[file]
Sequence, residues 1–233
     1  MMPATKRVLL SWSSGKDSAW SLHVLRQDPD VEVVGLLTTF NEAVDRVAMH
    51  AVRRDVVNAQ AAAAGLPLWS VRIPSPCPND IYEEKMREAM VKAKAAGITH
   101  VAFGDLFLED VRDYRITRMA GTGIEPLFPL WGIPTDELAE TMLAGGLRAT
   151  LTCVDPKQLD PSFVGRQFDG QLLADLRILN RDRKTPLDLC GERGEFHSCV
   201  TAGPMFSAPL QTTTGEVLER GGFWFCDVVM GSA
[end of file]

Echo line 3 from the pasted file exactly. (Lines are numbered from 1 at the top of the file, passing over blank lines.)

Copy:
    51  AVRRDVVNAQ AAAAGLPLWS VRIPSPCPND IYEEKMREAM VKAKAAGITH